~Stefan Moff

One of the main things focused on at Penn State is to make the experience of college your own. I want to set up a program through my college (Agricultural Sciences) and through Penn State, so that I can go to Haiti and study, furthering my education. I have witnessed the impact of learning through experience and the way it is more beneficial to me.
~Cara McDonald

To go from Senior Week to classes at Penn State, all in a matter of hours was nerve-wracking, but I had to remember what you always say Dad, “how do you eat an elephant? One bite at a time.” At first, that elephant was hard to even look at, but now I can confidently say, that it tastes good. In other words, I’ve grown up a lot since I’ve been here. I’m no longer the nervous high school kid you dropped off who was aimless about what he was going to do for the next four years. I’m ready to command and conquer this place I now call home.
~Ryan McCaffrey

I just want to thank all of you [fellow LEAPERS] for making me feel like I am part of a family…I finally feel like a part of the Penn State Community. In a few short days, we will be ending summer session. After that, most of us will continue to East Halls, in the fall to go our separate ways pursuing our futures…I am grateful that my [Penn State] family started here with you.
~Nicole Marusco (a.k.a Grandma)

The average American child is instilled with the idea that contentment is equivalent to financial success: high-paying jobs, big houses, and abundant food. It is assumed that anyone who does not achieve this is unhappy…Spending time in [Jamaica] made me realize just how skewed my perception of the world really was. I found myself stuck by a new idea: sometimes it is those who have less in life that are the fortunate ones.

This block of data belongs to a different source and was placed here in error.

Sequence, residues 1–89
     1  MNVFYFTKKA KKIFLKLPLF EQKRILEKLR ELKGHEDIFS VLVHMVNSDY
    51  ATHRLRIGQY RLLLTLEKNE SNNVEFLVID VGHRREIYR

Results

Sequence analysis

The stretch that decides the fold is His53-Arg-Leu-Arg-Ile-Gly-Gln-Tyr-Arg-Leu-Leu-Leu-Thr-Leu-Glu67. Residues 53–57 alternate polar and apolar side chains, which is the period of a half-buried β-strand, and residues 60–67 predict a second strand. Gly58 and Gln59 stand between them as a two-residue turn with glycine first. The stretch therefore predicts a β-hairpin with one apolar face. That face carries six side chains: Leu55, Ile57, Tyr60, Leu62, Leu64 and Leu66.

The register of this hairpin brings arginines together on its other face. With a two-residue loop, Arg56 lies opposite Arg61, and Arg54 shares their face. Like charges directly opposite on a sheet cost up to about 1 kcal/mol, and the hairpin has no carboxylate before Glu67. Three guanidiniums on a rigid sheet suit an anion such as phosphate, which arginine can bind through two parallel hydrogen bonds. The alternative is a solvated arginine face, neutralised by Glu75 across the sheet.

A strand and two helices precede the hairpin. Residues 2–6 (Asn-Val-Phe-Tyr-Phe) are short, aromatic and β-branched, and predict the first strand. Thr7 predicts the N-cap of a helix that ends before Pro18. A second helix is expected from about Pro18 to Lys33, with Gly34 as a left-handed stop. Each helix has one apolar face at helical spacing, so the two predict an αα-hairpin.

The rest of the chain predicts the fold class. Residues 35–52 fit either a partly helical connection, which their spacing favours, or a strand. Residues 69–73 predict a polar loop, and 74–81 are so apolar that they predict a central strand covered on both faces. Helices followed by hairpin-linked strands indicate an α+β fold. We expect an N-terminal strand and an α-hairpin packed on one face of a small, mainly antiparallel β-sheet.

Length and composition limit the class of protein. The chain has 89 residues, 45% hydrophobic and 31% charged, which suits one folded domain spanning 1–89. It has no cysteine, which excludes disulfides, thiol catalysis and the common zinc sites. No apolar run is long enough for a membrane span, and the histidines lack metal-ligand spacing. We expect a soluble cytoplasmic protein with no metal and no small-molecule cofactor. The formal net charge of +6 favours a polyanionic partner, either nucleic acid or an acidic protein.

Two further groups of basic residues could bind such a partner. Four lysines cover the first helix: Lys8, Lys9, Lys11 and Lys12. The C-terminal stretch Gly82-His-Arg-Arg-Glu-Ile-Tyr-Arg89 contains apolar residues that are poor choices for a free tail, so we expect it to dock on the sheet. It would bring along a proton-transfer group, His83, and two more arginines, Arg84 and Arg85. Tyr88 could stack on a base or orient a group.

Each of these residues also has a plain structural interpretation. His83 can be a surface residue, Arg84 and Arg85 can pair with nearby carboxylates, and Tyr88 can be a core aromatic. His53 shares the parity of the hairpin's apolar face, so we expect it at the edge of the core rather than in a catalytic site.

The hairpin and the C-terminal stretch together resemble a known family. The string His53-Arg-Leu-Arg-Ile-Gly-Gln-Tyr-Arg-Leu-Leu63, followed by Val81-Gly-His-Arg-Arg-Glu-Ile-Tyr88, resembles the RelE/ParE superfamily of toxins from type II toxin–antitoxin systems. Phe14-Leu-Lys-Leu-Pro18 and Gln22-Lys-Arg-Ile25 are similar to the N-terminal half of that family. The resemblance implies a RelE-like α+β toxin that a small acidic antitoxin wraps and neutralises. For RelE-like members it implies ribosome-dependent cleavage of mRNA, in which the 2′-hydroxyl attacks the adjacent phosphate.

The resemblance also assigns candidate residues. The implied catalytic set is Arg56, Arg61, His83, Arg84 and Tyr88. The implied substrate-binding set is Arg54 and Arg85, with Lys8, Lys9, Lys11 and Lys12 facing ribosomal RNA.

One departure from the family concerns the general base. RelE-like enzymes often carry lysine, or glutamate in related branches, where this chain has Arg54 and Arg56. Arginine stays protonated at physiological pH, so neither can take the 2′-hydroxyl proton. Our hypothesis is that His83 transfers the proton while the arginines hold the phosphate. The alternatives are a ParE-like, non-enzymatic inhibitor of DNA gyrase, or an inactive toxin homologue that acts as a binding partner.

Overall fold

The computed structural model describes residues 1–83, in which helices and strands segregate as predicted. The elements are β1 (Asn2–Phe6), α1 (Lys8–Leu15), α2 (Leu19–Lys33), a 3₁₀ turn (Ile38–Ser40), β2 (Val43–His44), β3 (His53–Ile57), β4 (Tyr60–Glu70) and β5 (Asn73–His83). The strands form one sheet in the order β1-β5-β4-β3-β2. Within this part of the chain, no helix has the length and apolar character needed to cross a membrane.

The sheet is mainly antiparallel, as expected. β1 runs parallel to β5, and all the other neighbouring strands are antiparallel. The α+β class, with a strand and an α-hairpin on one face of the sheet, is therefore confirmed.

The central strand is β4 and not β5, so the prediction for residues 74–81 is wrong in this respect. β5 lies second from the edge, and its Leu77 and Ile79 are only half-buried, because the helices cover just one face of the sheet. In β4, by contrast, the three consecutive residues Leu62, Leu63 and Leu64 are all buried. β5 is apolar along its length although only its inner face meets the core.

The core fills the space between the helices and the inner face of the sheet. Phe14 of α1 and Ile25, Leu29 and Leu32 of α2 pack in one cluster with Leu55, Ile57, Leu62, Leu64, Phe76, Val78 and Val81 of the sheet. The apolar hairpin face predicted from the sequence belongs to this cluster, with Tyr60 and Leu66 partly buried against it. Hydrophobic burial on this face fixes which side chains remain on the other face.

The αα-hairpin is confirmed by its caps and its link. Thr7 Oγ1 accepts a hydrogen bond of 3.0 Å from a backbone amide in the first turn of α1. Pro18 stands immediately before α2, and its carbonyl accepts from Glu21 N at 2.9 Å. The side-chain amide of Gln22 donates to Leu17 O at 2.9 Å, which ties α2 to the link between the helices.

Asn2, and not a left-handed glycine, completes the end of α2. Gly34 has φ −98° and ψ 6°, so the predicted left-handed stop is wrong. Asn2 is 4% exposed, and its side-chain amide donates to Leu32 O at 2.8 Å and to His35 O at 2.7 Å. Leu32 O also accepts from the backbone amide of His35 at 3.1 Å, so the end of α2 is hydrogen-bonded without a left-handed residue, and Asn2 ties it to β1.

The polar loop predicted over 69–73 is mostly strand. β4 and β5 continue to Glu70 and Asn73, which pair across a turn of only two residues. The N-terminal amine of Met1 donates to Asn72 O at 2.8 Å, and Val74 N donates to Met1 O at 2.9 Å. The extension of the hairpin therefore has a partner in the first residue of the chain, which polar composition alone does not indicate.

I will never forget my first visions of Jamaica. Watching out the windows of the crammed bus, I could not take my eyes off of the landscape which was washed in a bluish-grey from the tinted windows. Dilapidated shacks and half-built houses stood in stark contrast to the handful of mansions and resorts that dotted the mountainside. The roads were filled with old vehicles: mostly vans and trucks filled to overflowing with Jamaicans. Stray dogs ambled along the side of the streets looking for food. This was not the tourist destination that I had imagined.

One of the most memorable evenings of the trip occurred when a group of fisherman cooked us dinner on the beach. Herbie taught us about the different components of the meal. He stood in front of us in the shabby, dirt-stained clothes he had worn all week; half of his teeth were missing. He showed no shame. Instead, he seemed honored to have the opportunity to bestow his knowledge upon us.

Whenever I get caught up in the hectic pace of the United States, I will take a moment to think back to my time in Jamaica and what the people there taught me: happiness is not measured in monetary wealth but in our level of contentment with what we have.
~Molly Cain

Here’s a student-made YouTube video of their experience.

If you’d like to learn more, contact me at, or Neil Brown at